4. You client support your decision not to divulge information.
We sent an email out to our clients and asked them what they thought, and after reading this thread EVERY ONE said, "No! Do not give those people any more ammunition. They'll start using it against US." Note: This is a variation on "lurkers support us in email." It is impossible to verify, but it sounds impressive.

5. Feined paranoia.
No sooner would I post names and titles and you'd be searching for sales figures and ripping apart the subjects of our authors' books, slandering their names, and making up baseless rumours about their character. There's no evidence that anyone would rip apart any of your client's books.

6. Shows contempt for people who waste time on writers boards, implying that they are losers.
This must be why I don't spend time on sites like this...who has time to learn an entirely different language in order to talk to people?

7. Implying participants in the thread are failed writers.
James D. McDonald, Fibbing means lying. This is the second time you haven't been CLEAR about what you're really saying. I have a feeling you'd end up in our low 98.2%. In fact, you should send along your little book query to us (under a fake name, of course) and just see where you fall in the math. I think you're overcompensating for something. You should really do some research before you do this because it just makes you look stupid. Jim Macdonald (proper spelling) is a multiply published author as you can see here (http://absolutewrite.com/forums/showthread.php?t=40178). In fact, you can find his latest book in your local Barnes and Noble right now. If he wouldn't end up in your top 1%, then your agency is in a lot of trouble.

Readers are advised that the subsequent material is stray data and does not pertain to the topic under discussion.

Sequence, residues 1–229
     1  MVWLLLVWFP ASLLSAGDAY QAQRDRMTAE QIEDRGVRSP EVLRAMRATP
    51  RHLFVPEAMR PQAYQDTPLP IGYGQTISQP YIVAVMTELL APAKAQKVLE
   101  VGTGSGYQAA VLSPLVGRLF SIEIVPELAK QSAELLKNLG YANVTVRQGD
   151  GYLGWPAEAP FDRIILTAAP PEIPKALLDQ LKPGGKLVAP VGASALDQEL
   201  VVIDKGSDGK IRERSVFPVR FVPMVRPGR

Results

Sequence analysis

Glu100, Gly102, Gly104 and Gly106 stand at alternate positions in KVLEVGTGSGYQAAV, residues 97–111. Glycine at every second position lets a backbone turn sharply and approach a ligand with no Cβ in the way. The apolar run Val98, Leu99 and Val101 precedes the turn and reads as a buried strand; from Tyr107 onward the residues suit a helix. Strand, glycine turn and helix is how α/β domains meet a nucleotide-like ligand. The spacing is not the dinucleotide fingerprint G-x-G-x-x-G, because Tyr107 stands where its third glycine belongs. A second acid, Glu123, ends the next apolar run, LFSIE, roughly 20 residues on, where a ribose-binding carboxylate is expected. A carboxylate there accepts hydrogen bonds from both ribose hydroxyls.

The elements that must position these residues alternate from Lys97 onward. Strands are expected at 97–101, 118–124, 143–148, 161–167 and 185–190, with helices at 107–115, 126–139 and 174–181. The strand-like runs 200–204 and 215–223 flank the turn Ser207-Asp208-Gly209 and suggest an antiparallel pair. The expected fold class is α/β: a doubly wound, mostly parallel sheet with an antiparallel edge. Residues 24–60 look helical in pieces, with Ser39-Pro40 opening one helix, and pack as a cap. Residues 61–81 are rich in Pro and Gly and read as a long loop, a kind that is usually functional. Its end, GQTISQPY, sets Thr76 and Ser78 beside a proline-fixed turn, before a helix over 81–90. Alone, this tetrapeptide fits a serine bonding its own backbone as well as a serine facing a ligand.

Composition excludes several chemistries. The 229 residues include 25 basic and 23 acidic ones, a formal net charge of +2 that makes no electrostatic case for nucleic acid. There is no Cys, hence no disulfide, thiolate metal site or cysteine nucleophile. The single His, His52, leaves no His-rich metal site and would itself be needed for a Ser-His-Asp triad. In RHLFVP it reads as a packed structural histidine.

Now, let me be clear. I am not making any positive statement that the Literati Agency is a dodgy agent. All I'm saying is that dodgy or gormless agents tend to use many of the same arguments to support their agencies and you have used some of those same arguments. People can make their own decision.

Tilly
07-19-2007, 05:30 PM
i know jim is an esteemed novelist. i know he has an agent.

he was poking at me, i was poking FUN back at him.

Huh? Perhaps you should reread your post. You totally failed if that was your aim.


isn't this jousting thing the way it works?

Oh, I see. No, we're serious. Picking an effective agent is important for writers.

Tilly
07-19-2007, 05:36 PM
Honestly, folks, I KNOW there are dishonest agents out there, but I've never encountered them outside of corporate publishing. In the house, I thought the majority of them were backstabbing liars. But outside the house, I am not aware of the "charms" or "spells" they use to trick people. And all this time we just thought we were being "original thinkers" and now you're telling me that what we say actually makes us look like crooks!

Yes, that's what we're saying. Well sort of. No one's called you a crook. And if you want to see how bad it can get, take a look at the Robins agency, New York Literary agency and their ilk. You can find threads on them in the index of this forum. Or read Ten Percent of Nothing by Jim Fisher. It will perhaps give you an appreciation as to why information such as sales is so crucial.


Alright then. I'm listening. What do we have to do as a company to make ourselves appear reputable in the eyes of the general populace?

Information about your sales. Not personal things like exact amounts, but titles, authors and publishers.

Popeyesays